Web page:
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Re: Paul Rudolph's Government Services Center

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I think it actually fails because it's too hemmed in by city. Monumental brutalist architecture, especially of this size, needs a monumental space giving sufficient distance to behold and appreciate the structure - this building would look better in the middle of a field of grass or cement out in the middle of nowhere.
Just look at how successful City Hall is... oh wait.

Actually I agree with you here, though I think for City Hall the opposite is true, more city is needed.
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Old 11-27-2015, 12:09 AM   #28
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Re: Paul Rudolph's Government Services Center

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Just look at how successful City Hall is... oh wait.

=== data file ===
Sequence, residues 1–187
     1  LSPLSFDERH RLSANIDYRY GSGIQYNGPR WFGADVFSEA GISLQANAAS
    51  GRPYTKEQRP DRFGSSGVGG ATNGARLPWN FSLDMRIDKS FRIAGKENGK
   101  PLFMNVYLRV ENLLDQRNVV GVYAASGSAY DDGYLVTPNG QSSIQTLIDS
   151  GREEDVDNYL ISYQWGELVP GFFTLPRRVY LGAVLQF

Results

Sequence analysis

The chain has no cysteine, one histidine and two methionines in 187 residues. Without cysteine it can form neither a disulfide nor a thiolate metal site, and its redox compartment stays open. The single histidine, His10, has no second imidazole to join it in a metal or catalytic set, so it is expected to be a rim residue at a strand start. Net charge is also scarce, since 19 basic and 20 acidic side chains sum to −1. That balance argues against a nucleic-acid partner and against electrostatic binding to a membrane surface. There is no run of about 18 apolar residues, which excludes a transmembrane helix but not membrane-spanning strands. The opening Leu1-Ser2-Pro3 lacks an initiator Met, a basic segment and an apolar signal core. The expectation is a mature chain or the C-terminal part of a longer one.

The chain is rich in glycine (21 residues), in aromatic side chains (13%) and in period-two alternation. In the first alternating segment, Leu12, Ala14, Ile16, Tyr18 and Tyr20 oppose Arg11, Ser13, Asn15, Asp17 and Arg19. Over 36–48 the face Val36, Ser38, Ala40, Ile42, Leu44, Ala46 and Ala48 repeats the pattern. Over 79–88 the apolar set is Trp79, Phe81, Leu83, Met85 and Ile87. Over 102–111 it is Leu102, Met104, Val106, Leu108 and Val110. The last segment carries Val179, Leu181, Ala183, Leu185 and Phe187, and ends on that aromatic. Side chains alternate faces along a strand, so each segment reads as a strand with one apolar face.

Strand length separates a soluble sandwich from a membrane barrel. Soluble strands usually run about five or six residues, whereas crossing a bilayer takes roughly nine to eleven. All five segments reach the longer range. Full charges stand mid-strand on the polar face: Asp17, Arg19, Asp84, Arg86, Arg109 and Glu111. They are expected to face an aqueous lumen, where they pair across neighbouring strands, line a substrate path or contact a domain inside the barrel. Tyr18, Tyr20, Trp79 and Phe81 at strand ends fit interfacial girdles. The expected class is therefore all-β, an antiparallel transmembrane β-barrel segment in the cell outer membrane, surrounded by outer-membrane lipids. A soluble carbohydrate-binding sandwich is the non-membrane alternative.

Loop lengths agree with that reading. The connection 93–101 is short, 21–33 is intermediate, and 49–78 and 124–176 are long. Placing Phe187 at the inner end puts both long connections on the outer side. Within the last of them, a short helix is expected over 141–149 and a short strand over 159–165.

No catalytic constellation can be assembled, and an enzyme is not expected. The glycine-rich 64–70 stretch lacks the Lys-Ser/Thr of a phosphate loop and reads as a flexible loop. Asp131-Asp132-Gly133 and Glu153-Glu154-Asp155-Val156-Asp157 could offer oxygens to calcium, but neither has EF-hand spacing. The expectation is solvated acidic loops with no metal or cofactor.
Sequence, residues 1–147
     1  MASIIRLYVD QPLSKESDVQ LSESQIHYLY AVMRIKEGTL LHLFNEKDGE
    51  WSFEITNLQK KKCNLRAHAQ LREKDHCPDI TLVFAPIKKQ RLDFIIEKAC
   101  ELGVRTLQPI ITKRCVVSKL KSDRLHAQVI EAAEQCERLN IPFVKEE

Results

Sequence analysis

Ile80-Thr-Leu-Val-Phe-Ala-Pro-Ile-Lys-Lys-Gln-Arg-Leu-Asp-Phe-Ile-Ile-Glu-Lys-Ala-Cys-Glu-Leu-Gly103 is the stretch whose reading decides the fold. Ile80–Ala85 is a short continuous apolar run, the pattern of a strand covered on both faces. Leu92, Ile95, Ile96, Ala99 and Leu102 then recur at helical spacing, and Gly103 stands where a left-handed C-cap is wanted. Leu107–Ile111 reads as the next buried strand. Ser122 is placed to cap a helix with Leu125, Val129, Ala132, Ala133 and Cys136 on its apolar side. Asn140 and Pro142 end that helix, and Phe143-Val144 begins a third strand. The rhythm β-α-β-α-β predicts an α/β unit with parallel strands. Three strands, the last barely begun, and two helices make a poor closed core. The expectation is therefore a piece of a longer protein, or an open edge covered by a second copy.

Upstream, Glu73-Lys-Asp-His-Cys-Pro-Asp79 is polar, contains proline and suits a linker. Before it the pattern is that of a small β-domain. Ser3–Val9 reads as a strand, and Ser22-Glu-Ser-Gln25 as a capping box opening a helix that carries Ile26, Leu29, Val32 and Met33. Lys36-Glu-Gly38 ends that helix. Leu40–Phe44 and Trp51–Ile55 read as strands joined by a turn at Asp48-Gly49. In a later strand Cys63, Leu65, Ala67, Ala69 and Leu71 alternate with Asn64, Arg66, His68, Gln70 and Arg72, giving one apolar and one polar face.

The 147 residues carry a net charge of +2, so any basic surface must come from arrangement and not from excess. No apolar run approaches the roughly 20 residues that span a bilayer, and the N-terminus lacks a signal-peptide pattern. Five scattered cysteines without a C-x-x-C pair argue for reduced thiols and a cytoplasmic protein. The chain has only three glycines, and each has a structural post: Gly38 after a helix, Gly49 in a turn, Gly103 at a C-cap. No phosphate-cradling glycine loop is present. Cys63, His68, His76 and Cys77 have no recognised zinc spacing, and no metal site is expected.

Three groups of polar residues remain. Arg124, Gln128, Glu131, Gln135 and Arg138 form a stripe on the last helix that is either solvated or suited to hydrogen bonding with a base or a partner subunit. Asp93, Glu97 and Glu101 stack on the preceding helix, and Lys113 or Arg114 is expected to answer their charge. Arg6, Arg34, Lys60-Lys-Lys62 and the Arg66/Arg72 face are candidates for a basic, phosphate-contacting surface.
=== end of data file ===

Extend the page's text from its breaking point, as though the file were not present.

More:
Actually I agree with you here, though I think for City Hall the opposite is true, more city is needed.
Yeah agree with that myself - but City Hall is a smaller building and I think its graces are more easily beheld from close up - the GSC is such a long leviathan that it really needs more perspective to see the whole building. Also, City Hall Plaza isn't really a well-designed Brutalist plaza - it needs far more sculpting if it were to ever feel remotely appropriate to City Hall... as it is, it's just a giant old fashioned Boston brick sidewalk with a few flourishes at the peripheries. Red brick and concrete don't mix very well....
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Old 11-27-2015, 06:34 AM   #29
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Re: Paul Rudolph's Government Services Center

Just a reminder - it can be done, there is hope: concrete + ubiquitous LEDs + lots of nice glass and some primary colors= the brutalism of hope & light

Carney Library UMD:









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Old 11-27-2015, 08:32 AM   #30
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Re: Paul Rudolph's Government Services Center